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Student-led mural will celebrate legacy of Seattle Black Panthers

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Franklin High School students worked with original party members to create the mural

Art of Resistance and Resilience members pose in front of their mural.
Susan Fried/Courtesy of Art of Resistance and Resilience

Art of Resistance and Resilience, a club at Franklin High School focused on social and environmental justice, has been working on a major project all year: a mural celebrating the history and legacy of the Seattle chapter of the Black Panther Party (SCBPP) to commemorate its 50th anniversary. The mural, which will eventually be installed along a fence lining Franklin’s athletic field at Rainier Avenue and MLK Boulevard, was created after months of historical research and collaboration SCBPP founders and former members.

The Black Panther Party was originally founded in 1966, with city chapters following soon after—including the Seattle chapter in April 1968.

Franklin High School has its own role in the history of the Black Panther Party in Seattle. In March 1968—just before the Seattle chapter was founded—soon-to-be early members Larry Gossett and Aaron Dixon, along with other Black Student Union (BSU) members, led more than 100 students in a sit-in at the school over the suspension of two black students, calling for more black history courses and the right to wear Afros. Gossett and Dixon, along with Dixon’s brother Elmer, were all arrested in connection with BSU activities.

“The detainment of the Dixons and Larry Gossett is yet a further example of how and why Black Power, and eventually the Black Panther Party, could take root in Seattle,” wrote Kurt Schaefer, a researcher with the University of Washington’s Civil Rights and Labor History Project, in a history of the Party. “It was a frustration that would compel the Dixons to move beyond the possibilities of the Black Student Union.”

The mural process started with a community forum hosted at Franklin, gathering input from community members to get an full, honest idea of the narrative. After creating the initial design, students ran it past SCBPP to make sure it felt accurate to the history of the party. After getting the stamp of approval, 26 Franklin students, working with adult artist mentors, created the mural in a series of painting parties.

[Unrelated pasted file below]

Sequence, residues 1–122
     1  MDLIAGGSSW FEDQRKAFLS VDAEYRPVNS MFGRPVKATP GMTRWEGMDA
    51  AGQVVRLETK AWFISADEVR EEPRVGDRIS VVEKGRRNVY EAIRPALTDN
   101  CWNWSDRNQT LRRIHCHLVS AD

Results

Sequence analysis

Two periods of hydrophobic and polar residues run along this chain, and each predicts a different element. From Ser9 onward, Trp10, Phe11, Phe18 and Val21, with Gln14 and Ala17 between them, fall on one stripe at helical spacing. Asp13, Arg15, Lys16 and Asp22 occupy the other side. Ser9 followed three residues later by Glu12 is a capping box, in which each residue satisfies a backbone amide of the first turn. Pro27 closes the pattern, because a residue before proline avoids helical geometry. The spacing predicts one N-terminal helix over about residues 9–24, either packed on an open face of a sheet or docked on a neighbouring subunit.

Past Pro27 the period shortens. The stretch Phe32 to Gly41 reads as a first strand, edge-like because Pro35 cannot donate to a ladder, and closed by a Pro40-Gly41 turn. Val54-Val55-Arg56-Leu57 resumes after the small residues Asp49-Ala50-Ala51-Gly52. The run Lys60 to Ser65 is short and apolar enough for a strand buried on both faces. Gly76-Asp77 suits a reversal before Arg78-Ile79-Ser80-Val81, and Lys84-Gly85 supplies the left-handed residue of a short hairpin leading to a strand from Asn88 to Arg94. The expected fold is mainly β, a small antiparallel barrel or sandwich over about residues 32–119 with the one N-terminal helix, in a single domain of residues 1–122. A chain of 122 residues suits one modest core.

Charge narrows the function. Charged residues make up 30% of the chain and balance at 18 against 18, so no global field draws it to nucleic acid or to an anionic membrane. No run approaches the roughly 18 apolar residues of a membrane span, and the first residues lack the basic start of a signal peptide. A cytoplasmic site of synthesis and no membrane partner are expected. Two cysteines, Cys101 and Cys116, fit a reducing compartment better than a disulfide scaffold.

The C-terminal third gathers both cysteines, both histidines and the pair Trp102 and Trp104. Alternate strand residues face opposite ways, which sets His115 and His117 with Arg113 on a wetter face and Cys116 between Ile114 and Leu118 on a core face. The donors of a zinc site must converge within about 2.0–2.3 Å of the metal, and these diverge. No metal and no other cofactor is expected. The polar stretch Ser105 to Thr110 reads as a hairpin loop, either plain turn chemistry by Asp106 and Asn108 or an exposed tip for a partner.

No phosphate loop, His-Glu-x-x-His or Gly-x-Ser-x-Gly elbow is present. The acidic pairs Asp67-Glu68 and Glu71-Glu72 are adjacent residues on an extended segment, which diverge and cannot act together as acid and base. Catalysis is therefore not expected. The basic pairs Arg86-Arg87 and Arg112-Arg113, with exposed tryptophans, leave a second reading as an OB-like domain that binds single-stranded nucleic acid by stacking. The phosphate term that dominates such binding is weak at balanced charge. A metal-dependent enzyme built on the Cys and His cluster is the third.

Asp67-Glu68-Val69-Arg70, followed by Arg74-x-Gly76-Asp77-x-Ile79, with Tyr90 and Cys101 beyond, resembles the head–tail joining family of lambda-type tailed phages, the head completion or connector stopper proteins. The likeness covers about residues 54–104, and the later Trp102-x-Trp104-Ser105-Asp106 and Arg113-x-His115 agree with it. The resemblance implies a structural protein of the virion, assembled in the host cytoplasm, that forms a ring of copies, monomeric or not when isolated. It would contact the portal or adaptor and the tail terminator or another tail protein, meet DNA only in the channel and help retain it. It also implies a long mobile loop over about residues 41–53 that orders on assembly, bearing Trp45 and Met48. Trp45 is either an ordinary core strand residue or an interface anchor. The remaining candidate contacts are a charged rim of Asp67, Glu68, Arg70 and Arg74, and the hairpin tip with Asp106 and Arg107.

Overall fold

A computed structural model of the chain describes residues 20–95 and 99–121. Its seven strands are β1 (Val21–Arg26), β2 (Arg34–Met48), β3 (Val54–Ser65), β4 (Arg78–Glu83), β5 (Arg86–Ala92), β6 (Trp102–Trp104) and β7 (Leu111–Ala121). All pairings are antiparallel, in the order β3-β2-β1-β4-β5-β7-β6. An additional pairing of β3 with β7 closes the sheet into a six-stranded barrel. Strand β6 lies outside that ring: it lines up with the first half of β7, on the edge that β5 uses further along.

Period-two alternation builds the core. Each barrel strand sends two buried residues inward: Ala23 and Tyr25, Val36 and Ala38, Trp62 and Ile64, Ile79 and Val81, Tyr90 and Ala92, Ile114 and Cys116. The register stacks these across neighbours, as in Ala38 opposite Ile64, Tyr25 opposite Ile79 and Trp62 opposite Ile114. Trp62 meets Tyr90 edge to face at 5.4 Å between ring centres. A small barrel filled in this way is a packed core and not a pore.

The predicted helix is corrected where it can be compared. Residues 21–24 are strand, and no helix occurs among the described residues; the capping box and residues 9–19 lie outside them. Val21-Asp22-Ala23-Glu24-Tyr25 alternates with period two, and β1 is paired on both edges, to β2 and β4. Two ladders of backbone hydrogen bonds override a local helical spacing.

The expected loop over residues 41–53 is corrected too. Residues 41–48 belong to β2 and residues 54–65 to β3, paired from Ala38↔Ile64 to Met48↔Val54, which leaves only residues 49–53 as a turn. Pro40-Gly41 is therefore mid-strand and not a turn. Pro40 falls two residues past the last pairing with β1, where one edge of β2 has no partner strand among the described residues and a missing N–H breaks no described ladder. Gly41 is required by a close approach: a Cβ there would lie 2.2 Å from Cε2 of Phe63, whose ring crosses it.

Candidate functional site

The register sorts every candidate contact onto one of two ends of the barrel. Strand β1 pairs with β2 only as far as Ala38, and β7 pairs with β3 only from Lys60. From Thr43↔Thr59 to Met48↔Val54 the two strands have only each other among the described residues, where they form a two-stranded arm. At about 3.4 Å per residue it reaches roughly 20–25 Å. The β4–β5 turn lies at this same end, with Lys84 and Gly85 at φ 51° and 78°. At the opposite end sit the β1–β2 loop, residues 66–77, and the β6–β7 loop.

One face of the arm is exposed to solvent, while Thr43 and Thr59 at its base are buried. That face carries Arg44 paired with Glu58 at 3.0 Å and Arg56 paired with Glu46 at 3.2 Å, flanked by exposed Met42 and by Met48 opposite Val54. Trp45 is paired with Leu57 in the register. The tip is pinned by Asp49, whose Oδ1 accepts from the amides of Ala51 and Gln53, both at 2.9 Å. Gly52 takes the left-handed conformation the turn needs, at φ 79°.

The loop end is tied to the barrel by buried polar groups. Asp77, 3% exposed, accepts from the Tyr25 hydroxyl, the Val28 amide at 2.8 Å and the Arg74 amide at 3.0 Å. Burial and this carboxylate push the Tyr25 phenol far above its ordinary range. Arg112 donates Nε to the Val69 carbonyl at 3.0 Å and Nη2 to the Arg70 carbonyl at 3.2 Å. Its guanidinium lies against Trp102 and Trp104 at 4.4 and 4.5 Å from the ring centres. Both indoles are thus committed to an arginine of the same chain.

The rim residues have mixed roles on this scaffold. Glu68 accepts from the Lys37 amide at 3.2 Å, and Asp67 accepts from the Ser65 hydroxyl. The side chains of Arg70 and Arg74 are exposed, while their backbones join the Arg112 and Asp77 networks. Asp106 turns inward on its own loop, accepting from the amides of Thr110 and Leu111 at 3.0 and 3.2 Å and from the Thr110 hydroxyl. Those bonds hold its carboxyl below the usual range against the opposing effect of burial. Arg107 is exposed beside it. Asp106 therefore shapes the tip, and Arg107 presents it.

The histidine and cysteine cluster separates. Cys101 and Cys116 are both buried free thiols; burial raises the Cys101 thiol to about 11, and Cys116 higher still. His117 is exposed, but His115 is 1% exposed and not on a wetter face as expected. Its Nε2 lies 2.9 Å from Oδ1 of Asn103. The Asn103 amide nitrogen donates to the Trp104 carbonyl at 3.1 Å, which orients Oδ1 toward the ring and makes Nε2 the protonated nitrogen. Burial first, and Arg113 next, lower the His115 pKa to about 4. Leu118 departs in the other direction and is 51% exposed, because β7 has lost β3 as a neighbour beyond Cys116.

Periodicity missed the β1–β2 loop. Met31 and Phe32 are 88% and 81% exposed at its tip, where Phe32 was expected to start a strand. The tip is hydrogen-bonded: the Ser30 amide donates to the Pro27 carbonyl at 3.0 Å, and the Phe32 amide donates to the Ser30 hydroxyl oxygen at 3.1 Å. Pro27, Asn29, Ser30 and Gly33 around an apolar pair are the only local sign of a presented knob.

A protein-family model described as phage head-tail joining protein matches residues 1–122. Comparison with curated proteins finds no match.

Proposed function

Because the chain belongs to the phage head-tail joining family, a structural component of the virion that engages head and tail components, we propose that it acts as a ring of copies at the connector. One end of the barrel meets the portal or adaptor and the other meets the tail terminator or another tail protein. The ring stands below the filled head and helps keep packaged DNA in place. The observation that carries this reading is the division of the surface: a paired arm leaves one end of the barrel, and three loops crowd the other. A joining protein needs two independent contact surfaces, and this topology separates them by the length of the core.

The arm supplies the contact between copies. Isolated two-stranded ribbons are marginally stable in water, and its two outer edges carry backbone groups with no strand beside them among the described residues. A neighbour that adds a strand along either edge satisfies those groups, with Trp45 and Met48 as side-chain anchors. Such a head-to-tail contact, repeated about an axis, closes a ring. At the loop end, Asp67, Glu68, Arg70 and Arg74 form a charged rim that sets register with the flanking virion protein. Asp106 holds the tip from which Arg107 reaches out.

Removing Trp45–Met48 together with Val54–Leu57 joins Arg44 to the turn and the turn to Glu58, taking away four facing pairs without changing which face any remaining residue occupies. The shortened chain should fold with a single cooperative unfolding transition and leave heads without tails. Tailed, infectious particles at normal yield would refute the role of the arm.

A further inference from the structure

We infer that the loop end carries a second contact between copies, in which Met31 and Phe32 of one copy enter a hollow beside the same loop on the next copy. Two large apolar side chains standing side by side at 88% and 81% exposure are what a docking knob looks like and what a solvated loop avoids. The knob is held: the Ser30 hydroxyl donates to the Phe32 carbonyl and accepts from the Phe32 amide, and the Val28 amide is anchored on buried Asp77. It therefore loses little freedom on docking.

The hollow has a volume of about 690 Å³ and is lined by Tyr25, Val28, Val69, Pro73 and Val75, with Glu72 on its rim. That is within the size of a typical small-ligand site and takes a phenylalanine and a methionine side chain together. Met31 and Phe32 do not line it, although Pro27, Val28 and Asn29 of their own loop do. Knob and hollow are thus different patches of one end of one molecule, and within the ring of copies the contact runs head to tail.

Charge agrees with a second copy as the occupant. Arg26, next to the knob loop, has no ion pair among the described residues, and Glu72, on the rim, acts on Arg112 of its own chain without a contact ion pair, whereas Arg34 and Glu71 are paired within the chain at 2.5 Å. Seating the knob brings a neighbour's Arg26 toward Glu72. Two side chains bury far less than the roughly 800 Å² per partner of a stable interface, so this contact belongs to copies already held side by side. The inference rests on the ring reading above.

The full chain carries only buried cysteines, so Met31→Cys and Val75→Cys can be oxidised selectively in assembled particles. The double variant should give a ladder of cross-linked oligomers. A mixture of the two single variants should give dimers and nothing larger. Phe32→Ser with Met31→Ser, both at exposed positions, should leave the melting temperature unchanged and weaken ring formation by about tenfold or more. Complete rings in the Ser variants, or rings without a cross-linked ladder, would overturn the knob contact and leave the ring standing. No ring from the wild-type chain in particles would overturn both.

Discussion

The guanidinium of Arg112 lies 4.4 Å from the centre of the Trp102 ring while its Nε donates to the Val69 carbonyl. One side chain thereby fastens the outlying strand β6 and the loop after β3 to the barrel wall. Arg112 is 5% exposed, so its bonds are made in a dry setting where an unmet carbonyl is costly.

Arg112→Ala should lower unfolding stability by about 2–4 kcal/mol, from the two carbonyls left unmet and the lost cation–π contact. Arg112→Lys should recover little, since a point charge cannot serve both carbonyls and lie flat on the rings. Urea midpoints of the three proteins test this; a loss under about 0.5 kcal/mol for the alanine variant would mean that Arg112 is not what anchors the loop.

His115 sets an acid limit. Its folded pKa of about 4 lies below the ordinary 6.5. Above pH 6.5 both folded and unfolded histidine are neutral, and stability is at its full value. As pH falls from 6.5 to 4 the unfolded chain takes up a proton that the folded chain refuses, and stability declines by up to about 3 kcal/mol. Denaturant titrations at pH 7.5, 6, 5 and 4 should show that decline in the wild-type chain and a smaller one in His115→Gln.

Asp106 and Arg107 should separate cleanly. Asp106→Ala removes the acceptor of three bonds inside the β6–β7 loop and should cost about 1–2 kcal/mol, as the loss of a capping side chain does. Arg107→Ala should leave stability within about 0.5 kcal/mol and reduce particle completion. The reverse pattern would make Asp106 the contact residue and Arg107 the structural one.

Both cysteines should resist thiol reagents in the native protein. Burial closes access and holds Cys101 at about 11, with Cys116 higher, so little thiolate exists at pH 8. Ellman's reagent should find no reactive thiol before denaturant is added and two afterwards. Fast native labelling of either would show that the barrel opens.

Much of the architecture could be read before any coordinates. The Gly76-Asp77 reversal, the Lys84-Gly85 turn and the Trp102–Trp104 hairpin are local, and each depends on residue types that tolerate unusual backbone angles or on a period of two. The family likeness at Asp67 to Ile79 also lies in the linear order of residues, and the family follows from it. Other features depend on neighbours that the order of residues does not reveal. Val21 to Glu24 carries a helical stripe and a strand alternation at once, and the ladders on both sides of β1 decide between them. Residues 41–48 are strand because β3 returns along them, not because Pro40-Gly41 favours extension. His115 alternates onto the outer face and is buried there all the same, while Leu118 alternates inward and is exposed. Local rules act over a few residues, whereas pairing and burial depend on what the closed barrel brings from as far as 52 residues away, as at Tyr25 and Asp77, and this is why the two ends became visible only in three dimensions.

Franklin High School students working on the mural.
Lauren Holloway/Courtesy of Art of Resistance and Resilience

The final design shows some faces of the party in Seattle, and depicts some of the party’s major initiatives—like the People’s Free Food Program and the party’s newspaper—and acts of resistance. Along the bottom, the mural lists 10 party goals: “Freedom to determine the destiny of our black and oppressed communities; full employment; end to the robbery by the capitalist of our black and oppressed communities; decent housing; education that teaches us our true history and our role in the present-day society; free healthcare; immediate end to police brutality and murder of black people and other people of color; end to all wars of aggression; freedom for black, poor, oppressed people held in prisons and jails; land, clothing, bread, housing, education, justice, peace, and community control of modern tech.”

The mural also acknowledges the Central District, originally the heart of Seattle’s Black community and the neighborhood where the Seattle chapter of the party grew. The neighborhood is now centered in a lot of conversations about gentrification and displacement in the city. The community went from 73 percent black in the 1970s—a product of a legacy of redlining that forced black residents into specific neighborhoods—to less than 20 percent today.

The final mural design: “Power to the People Yesterday, Today, and Tomorrow.”
Courtesy of the Art of Resistance and Resilience

The mural will be unveiled at a community art show on Friday, November 9 from 6 to 9 p.m. at Mt. Baker Artspace, featuring live poetry and spoken word by Franklin students and alumni, storytelling by Roger Fernandes of the Lower Elwha S’Klallam, a film documenting the mural project by Franklin students, and a photo essay on the history of the party by people of color-led collective Unapologetic Artists and Creatives.

The mural project is one of several in the area to commemorate the 50th anniversary, including Seattle Black Panther Party History and Memory Project, an oral history and archival collection by the University of Washington, and a collaborative 50th anniversary conference earlier this year.